It will be recalled that chalcogenide structures have traditionally been implemented by placing small amounts of chalcogenide into small pores or holes in, for example, a silicon dioxide layer. The holes are traditionally imprecise, since etching through a reticle mask may not be precisely directional; consequently, the holes can have sidewalls that are not precisely parallel. Maintaining an etching (regardless of whether the etch is accomplished by chemical dissolution or ion bombardment) until a pore passes entirely through a silicon dioxide layer inescapably allows a pore to widen as the etching persists, and forcing chalcogenide into the pore also inescapably widens the pore. These problems are traditionally exacerbated when the layers of silicon dioxide are thick, and yet thick layers of silicon dioxide are necessary when lithography is used to control the length of the current path through the chalcogenide structure.
This thin film process of chalcogenide deposition can result in a thin horizontal chalcogenide layer that may be not only thinner than vertical pores lithographically achievable through silicon dioxide, but also relatively uniform. The iso-etching process can create a relatively narrow horizontal chalcogenide structure 42, which can be narrower than that achievable though vertical pores of silicon-dioxide lithography. Collectively, in accordance with the present invention, the chalcogenide deposition thin film process and the iso-etching process can essentially eliminate any need to create a uniformly-wide hole through a thick layer of silicon dioxide and then force a uniformly-wide structure of chalcogenide into the hole.
In fact, the cross-sectional area of the present chalcogenide structure 42 can be so small that current densities sufficient to change the phase of the chalcogenide are achievable using standard CMOS circuits. Typical CMOS circuits, as used in computer architecture, normally do not generate current densities that are large enough to change the phase of a chalcogenide structure. However, since the chalcogenide structure 42 of
As embodied herein, the chalcogenide structure 42 of the chalcogenide memory cell in
The CRAM cell 40 of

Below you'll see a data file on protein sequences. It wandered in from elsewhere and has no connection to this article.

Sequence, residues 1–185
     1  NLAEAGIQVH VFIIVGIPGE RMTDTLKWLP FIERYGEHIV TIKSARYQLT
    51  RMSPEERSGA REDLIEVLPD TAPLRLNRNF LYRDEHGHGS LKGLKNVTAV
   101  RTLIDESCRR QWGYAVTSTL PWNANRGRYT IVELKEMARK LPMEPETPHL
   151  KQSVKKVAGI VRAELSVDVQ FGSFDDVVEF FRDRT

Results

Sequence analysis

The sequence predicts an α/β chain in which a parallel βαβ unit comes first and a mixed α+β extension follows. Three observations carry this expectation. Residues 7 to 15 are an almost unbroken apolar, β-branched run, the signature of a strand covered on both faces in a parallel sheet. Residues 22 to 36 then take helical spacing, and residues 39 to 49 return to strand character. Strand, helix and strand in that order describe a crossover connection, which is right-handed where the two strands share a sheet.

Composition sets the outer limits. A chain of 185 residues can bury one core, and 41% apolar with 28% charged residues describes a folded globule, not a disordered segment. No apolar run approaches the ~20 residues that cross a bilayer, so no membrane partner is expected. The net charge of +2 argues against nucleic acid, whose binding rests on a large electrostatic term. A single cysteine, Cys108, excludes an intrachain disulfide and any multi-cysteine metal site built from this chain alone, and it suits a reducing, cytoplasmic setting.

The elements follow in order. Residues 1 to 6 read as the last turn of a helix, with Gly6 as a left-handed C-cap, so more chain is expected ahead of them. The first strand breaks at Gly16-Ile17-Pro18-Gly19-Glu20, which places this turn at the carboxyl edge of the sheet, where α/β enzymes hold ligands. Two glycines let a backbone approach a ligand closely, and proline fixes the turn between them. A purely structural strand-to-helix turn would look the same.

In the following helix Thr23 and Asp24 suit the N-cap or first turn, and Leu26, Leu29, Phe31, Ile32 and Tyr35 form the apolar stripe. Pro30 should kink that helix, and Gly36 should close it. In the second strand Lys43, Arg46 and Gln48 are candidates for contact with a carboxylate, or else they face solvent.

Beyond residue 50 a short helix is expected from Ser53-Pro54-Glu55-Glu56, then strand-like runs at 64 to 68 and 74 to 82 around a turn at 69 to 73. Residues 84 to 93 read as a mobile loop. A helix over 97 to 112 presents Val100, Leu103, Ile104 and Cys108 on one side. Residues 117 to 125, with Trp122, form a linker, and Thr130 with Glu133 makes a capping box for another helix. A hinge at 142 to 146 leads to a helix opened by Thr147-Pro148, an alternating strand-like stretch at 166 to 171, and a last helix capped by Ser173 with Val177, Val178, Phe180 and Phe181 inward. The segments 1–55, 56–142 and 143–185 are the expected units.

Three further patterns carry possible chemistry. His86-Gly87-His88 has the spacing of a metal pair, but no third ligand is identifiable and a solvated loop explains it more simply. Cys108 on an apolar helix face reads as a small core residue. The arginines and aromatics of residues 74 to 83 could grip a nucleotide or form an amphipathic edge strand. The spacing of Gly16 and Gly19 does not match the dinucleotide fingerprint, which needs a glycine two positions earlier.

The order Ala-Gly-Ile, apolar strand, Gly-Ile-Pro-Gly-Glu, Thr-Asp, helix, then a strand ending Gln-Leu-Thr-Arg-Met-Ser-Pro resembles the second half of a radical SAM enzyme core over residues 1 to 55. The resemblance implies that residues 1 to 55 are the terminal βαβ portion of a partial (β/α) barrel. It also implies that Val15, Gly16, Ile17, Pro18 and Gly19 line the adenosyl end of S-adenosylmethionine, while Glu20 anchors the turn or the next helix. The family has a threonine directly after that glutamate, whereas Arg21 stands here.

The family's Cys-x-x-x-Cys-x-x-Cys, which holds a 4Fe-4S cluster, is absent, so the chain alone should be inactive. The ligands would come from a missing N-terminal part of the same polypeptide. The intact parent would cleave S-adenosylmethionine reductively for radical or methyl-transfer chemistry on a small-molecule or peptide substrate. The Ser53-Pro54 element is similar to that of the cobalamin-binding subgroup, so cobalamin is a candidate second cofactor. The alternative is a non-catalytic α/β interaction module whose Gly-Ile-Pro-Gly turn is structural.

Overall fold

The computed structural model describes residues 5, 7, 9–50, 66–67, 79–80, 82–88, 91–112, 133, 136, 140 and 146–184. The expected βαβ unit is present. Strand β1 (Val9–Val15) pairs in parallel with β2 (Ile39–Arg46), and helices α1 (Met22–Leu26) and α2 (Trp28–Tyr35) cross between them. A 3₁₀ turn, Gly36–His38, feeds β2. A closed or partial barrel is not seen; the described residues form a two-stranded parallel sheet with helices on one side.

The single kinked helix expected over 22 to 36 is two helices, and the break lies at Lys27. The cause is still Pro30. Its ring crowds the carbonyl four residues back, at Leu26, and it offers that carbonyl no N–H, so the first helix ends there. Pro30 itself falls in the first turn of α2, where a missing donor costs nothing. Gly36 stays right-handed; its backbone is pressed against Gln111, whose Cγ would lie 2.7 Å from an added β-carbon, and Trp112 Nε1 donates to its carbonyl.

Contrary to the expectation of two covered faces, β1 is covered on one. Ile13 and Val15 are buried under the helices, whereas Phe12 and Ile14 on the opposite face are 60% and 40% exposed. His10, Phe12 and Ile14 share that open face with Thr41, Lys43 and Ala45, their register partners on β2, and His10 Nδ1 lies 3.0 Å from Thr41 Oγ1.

In the illustrated embodiment, the chalcogenide memory cell comprises a CRAM cell and a CMOS circuit that is operative to access the CRAM cell. The CRAM cell has cross-sectional area determined by a thin film process and by an iso-etching process; specifically, by a chalcogenide deposition thin film process and by an iso-etching process. The chalcogenide structure is in series with a semiconductor device, which in the embodiment illustrated in
With respect to writing, if word line 27 has a high voltage and bit line 37 has a low voltage, such that the difference between the voltage of word line 27 and the voltage of bit line 37 exceeds a predetermined potential, then CRAM cell 41 is written.
With respect to reading, if word line 27 has a high voltage and bit line 37 has a low voltage, such that the difference between the voltage of word line 27 and the voltage of bit line 37 exceeds 0.4 volts but does not exceed 1.5 volts, then CRAM cell 41 is read without being written. The voltage drop between the voltage of word line 27 and the voltage of bit line 37 drives a current through the diode 11 and the CRAM cell 41. Since the voltage drop across the diode 11 is fixed, the remaining voltage drop across the CRAM cell 41 drives the current through the diode 11 and the CRAM cell 41. The current is read by a current-dependent circuit (not shown) coupled to bit line 37.
Alternatively, with respect to reading, a current source/drain that draws a predetermined current may be used to read a CRAM cell. If a bit line has a current source/drain that draws a predetermined current through the bit line, the predetermined current is drawn only through an “enabled” diode. i.e. a diode that is coupled to a word line that has a sufficiently high voltage. The predetermined current through the diode provides a fixed voltage drop (generally 0.6 to 0.7 volts across the diode). The voltage at the anode of the CRAM cell, coupled to the enabled diode, is therefore 0.6 to 0.7 volts less than the high voltage of the word line.
Since typically no more than one word line has a high voltage (i.e., a voltage exceeding a predetermined potential sufficient to enable a diode), all of the predetermined current passes through the CRAM cell that is coupled to the enabled diode and to the enabled word line. The predetermined current through the bit line and the voltage at the anode of an enabled CRAM cell are both known; therefore, the voltage at the bit line can be used to read the resistance of the CRAM cell.